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E-cigarette may become available on NHS – BBC News

Media captionHywel Griffith reports on new EU laws to be introduced on e-cigarettes

The UK medicines regulator has approved a brand of e-cigarette to be marketed as an aid to help people stop smoking.

The decision means e-Voke, produced by British American Tobacco, could be prescribed on the NHS.

Public Health England says e-cigarettes are far less harmful than tobacco and help smokers quit.

But some experts, including the British Medical Association, say the benefits and harms are not yet known since e-cigarettes are still relatively new.

The Royal College of GPs said doctors would be reluctant to hand them out to patients without clear merits.

Around 10m adults – one in five – in the UK smoke cigarettes.

Many of these would like to or are actively trying to kick the habit and an increasing number are turning to e-cigarettes, the NHS says.

In the year up to April 2015, two out of three people who used e-cigarettes in combination with the NHS stop smoking service managed to successfully quit.

Prof Kevin Fenton, National Director of Health and Wellbeing, Public Health England, says e-cigarettes have become the most popular quitting aid in England.

And he thinks more people should benefit.

“Public Health England wants to see a choice of safe and effective replacements for smoking that smokers themselves want to use,” he said.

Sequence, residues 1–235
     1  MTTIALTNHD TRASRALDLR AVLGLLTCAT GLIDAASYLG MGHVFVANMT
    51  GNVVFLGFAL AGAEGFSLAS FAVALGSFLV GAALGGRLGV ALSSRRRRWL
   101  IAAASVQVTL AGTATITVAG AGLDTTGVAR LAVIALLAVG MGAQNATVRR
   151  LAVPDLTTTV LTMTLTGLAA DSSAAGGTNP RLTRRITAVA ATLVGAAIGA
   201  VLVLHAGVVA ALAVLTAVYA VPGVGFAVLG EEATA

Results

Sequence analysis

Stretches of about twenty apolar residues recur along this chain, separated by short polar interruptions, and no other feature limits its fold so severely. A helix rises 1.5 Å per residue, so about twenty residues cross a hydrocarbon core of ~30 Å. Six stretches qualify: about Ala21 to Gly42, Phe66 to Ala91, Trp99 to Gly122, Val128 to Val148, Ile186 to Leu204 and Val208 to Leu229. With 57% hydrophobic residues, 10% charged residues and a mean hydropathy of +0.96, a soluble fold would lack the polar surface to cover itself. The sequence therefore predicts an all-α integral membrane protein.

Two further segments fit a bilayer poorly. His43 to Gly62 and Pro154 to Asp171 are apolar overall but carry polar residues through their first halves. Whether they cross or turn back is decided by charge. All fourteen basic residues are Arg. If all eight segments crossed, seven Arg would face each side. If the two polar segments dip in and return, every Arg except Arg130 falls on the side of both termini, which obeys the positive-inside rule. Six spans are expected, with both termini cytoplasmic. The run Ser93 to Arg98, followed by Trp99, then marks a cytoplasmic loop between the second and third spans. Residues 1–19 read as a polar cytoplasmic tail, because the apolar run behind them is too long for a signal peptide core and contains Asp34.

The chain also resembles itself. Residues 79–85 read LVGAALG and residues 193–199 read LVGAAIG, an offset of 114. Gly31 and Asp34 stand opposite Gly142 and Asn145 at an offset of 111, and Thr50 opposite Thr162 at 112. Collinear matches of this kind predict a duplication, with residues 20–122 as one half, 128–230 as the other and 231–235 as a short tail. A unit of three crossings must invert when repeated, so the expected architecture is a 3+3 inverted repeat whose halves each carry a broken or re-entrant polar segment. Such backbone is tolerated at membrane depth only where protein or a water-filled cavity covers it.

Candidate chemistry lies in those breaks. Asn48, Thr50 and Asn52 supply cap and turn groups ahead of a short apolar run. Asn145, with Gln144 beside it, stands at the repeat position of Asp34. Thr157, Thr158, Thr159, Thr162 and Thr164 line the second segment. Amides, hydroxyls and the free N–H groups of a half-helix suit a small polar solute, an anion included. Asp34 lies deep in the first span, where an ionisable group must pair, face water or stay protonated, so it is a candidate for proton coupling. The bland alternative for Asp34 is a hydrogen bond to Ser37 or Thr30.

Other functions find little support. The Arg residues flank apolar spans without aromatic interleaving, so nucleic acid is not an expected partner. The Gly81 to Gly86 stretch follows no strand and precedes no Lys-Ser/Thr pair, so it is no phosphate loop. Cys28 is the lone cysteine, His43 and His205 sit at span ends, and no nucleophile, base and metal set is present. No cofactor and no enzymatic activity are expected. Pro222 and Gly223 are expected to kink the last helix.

But Dr Tim Ballard of the Royal College of GPs said it would be unreasonable for the NHS to be asked to fund lifestyle choices for people.

“Potentially, there may be a place for the prescription of e-Voke as part of a smoking cessation programme, but GPs would be very wary of prescribing them until there was clear evidence of their safety and of their efficacy in helping people to quit,” he said.

“At the moment there isn’t the evidence and the guidance hasn’t been written to help GPs make those decisions.”


1. On some e-cigarettes, inhalation activates the battery-powered atomiser. Other types are manually switched on

2. A heating coil inside the atomiser heats liquid nicotine contained in a cartridge

3. The mixture becomes vapour and is inhaled. Many e-cigarettes have an LED light as a cosmetic feature to simulate traditional cigarette glow.

Different brands of e-cigarettes contain different chemical concentrations.


Deborah Arnott of Action on Smoking and Heath (ASH) said: “Electronic cigarettes are a much safer alternative source of nicotine for smokers than cigarettes, but that doesn’t mean they are risk-free and we would discourage anyone who’s not a smoker from using them.

“It is good news that an electronic cigarette has received a licence from the medicines regulator, as we know that they have been effective in helping smokers quit, and the cost, as part of a quit attempt, will be far lower than treating the diseases caused by smoking.”

Another type of nicotine inhaler which closely resembles a cigarette, called Voke, was licensed in 2014 to be marketed as an aid to help people stop smoking.

What can you buy in Mosul? ISIS ban on barbers, clothes and toys is lifted

Mosul, Iraq (CNN)In June 2014, ISIS drove Iraqi forces out of Mosul, and took control of the vibrant city of 2.5 million people located on the River Tigris. It was one of the terror group’s most strategic wins.

In the brutal months that followed, Iraq’s second-largest city transformed into a wasteland. Buildings collapsed, residents fled and many innocent lives perished.